California will bo present on the open
hing of tho Exposition. President Gooda
I) has tendered tho California Promotion
Continued From Page 40.
would we not give- to have a history at
taching to our "mountains, lakes and
waterfalls, reaching back 2000 years. It Is
the historic and literary associations
which give their charm to the English
lakes. One can look up at the High Street
Range and picture Roman legions march
Ing to battlo against the naked, or skin
clad Picts and Scots. Ono can pass over
the Dunmall Raise on the road from
Windermere to Keswick and hear tho
story of how Dunmall, the last British
King of Cumbria, gathered all his forces
in a last effort to drive out the Saxons,
and of how ho was killed and his army
almost exterminated. Ono can view the
scenes which inspired the songs of somo
of Em-land s sweetest slncrers. and vlo so
from the very points where they looked
upon them.
The Pacific Coast States glory in nat
ural beautien, with which those of tho
English lakes and mountains are not to
be compared, and are worthy to be sung
by poets as great as any who ever dwelt
in this fair land, but they lack tne his
torio associations to fire the imagination
I have traveled up Lake Chelan on
steamer and craned my neck to seo the
summit of Castle Mountain, 13,000 feet
above the sea; I have stood on the sum'
mlt of tho Cascades and seen a forest of
snow-peaks around me. But there was
nothing on Lake Chelan to tell of men
who preceded those now living, except
some rude paintings made by Indians on
tho face of a cliff. White man's history
in the Cascades related to prospectors and
railroad engineers of this generation. The
milder beauties of English scenery gain
an added charm from tho fact that the
Imagination can people It with those who
enacted the stirring events Of bygone cen
turics. -1. . IX.
Committee, which represents the com
mercial bodies of California, an invita
tion to be present on this occasion. The
.committee on behalf of tho State of Cali
fornia, has acepted the invitation, and Is
most "deeply appreciative of the courtesy.
Tha leading organizations throughout
California have indorsed this excursion
to be given under the allspices of the
committee. Several special trains will
take representative business men of all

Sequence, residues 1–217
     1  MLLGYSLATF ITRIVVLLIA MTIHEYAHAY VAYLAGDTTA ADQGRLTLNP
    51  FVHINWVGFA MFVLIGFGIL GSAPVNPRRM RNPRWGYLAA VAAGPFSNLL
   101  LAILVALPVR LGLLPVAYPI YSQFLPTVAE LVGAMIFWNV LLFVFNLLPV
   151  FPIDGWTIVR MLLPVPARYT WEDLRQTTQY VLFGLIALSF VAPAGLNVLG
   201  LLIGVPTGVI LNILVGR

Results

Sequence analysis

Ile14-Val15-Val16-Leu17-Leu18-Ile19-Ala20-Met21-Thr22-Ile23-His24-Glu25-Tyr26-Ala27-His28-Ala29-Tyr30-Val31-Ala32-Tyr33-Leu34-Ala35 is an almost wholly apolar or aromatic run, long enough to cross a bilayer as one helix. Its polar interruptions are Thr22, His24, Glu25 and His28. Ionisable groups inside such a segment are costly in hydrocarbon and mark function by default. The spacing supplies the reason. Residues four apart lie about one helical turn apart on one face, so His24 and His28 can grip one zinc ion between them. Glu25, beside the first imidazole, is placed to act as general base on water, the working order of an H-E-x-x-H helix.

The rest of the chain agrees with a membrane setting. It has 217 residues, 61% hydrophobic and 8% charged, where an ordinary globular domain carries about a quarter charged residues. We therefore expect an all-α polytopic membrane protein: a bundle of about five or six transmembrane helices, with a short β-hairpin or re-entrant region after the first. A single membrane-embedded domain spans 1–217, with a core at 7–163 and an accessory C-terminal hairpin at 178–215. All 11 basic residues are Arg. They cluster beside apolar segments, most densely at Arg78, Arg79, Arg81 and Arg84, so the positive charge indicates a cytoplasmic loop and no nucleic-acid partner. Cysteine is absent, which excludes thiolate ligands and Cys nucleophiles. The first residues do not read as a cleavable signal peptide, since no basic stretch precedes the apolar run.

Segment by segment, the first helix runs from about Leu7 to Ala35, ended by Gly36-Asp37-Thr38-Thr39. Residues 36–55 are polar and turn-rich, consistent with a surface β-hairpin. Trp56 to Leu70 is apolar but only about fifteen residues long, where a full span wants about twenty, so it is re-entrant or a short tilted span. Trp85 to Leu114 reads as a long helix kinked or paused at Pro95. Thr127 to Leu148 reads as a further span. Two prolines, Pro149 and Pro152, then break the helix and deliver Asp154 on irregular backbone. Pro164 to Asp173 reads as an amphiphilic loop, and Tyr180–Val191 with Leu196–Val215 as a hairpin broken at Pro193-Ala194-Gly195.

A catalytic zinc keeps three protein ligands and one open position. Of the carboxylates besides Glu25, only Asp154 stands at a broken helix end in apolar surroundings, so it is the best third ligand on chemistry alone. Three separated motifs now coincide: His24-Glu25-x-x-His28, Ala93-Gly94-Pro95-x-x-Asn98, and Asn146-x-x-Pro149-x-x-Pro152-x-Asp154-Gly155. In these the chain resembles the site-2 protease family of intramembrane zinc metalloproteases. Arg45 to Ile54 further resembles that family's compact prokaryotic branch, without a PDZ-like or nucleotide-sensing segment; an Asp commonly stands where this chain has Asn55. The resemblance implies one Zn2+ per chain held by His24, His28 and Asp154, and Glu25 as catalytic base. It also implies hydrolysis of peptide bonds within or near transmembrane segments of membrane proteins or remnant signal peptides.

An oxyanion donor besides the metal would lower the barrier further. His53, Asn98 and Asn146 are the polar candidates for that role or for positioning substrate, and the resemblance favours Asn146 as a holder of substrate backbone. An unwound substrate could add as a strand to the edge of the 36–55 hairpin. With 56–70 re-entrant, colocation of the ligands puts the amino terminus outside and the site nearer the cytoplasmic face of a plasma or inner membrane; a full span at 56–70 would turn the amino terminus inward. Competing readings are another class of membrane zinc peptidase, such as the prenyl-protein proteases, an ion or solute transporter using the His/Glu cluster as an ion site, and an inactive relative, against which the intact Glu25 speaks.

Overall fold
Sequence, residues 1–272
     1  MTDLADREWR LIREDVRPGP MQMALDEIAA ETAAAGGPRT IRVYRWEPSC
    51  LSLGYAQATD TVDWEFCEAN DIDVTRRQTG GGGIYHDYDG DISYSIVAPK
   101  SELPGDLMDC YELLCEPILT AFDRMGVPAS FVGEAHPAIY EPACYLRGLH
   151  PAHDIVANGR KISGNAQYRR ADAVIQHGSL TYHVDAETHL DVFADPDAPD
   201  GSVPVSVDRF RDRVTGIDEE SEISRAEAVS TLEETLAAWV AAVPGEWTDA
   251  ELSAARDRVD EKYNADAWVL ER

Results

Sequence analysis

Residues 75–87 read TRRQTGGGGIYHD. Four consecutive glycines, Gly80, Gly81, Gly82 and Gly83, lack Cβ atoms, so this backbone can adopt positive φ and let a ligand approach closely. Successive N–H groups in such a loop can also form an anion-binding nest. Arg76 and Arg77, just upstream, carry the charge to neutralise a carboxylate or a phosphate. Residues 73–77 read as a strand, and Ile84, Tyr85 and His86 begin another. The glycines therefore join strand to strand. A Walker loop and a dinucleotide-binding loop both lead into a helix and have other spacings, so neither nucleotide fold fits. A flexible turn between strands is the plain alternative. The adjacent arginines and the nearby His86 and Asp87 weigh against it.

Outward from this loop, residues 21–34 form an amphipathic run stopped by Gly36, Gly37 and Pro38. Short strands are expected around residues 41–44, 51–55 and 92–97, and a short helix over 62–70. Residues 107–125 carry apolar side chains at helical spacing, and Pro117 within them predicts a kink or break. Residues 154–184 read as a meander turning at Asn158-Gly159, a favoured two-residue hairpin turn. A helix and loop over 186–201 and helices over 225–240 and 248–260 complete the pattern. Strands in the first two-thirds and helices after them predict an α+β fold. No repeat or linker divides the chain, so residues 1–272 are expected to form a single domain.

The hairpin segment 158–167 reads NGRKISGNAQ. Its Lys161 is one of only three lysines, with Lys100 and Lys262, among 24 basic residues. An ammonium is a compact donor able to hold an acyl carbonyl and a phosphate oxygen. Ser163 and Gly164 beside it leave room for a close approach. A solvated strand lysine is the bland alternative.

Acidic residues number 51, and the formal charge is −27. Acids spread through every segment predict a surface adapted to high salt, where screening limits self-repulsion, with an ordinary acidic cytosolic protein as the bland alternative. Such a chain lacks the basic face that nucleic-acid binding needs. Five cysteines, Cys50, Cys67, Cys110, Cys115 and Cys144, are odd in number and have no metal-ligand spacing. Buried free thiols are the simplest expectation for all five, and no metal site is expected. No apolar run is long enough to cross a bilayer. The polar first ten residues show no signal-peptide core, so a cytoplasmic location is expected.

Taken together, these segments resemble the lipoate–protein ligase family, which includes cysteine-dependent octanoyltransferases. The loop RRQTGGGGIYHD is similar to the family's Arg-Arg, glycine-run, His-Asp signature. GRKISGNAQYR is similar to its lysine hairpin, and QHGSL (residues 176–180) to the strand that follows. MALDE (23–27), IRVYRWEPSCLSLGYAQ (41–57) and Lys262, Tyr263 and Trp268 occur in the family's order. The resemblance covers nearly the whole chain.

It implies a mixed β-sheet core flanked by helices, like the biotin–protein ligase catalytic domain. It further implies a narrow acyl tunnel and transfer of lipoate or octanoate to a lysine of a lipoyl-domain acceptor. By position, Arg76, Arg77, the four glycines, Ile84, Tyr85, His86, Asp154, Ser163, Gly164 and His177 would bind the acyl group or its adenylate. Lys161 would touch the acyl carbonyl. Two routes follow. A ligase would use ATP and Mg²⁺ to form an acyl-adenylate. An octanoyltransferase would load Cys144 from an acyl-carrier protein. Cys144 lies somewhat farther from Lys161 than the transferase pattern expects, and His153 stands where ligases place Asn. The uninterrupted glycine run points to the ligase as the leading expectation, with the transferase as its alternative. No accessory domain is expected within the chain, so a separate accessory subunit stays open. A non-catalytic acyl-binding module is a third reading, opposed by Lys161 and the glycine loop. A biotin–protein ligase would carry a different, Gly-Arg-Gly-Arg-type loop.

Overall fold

parts of California to the Exposition. Our
orators, the Governor of California, the
presidents of our two leading universities.
will be among those who take part. Pres
ident David R, Francis, of tha Louisiana
Purchase Exposition, will also be with us,
well as editors of leading Eastern
magazines, newspaper correspondents.
and others. In fact, this excursion will
be California's official call upon -the Ex
position. It will be the largest and most
representative excursion which has ever
gone out of California, and. needless to
say, will be conducted with that observ
ance of etiquette requisite upon an occa
sion of such importance; yet It will not
bo lacking in that friendly warmth be
tween those who have mutual respect and
hold their alms in common.
I have been very pleased to note that
the exhibit which, will be made by Cali
fornia will be fresh and original, so that
those .who have this year visited the St.
Louis Fair will see California differently
exhibited In general at Portland. Most
liberal sums have already been appropri
ated in furtherance of special exhibits at
tho Exposition. Many have taken very
early action in this matter, and the work
of the Lewis and Clark representatives
who have been in California calling their
further attention to the Exposition has
been most fruitful in It3 Tesults. The
press throughout California Is very gen
erous In Its notice toward the Lewis and
Clark Exposition, and has urged our -citizens
generally to take a part. The State
of California, It Is believed, will make a
good appropriation. Governor Pardee,
who has already visited Portland,, and
conferred with President Goode, Is hear
tily In favor of every possible co-cpera-
tlon by California. The California Pro
motion Committee and its affiliated or
ganizations throughout the state will be
active on behalf of the Lewis and Clark
Centennial,, and while space in this arti
cle does not permit me to enumerate all
the details, I am glad to assure the men
of Portland and Oregon that California
will bo represented at their Exposition In
manner in accordance with her tradi
The California Promotion Committee
has taken up with tha railroads the mat
ter of having tickets for delegates to con
ventions to be held In California in lOOo
read so that they may be routed via Port
land, either coming or going. The Trans
continental Passenger Association, at Its
October meeting, took favorable action
upon this suggestion. Among the conven
tions which will meet in California are
those of the National Association of Chiefs
of Police, the Christian Church Conven
tion, the National Creamery ButtermaK
ers Convention, ana otners. vve Deueve
that many who visit Portland will return
via California, and we feel that every
courtesy In return will be apreclated,
The California Promotion Committee, at
Its headquarters in San Francisco, will
be glad to distribute any literature per
tainlng to the Portland Exposition, and
we always say a good word to Inquirers
about Oregon and Washington.
In conclusion, California is planning
an exposition in 1913. This will be the
Pacific Ocean Exposition. It will com
memorate the. discovery of the Pacific by
Balboa 400 years before, and will signal
ize the opening of the Panama Canal. As
a Pacific Ocean Exposition it is fitting
that all states and territories whose in
terests are advanced by the development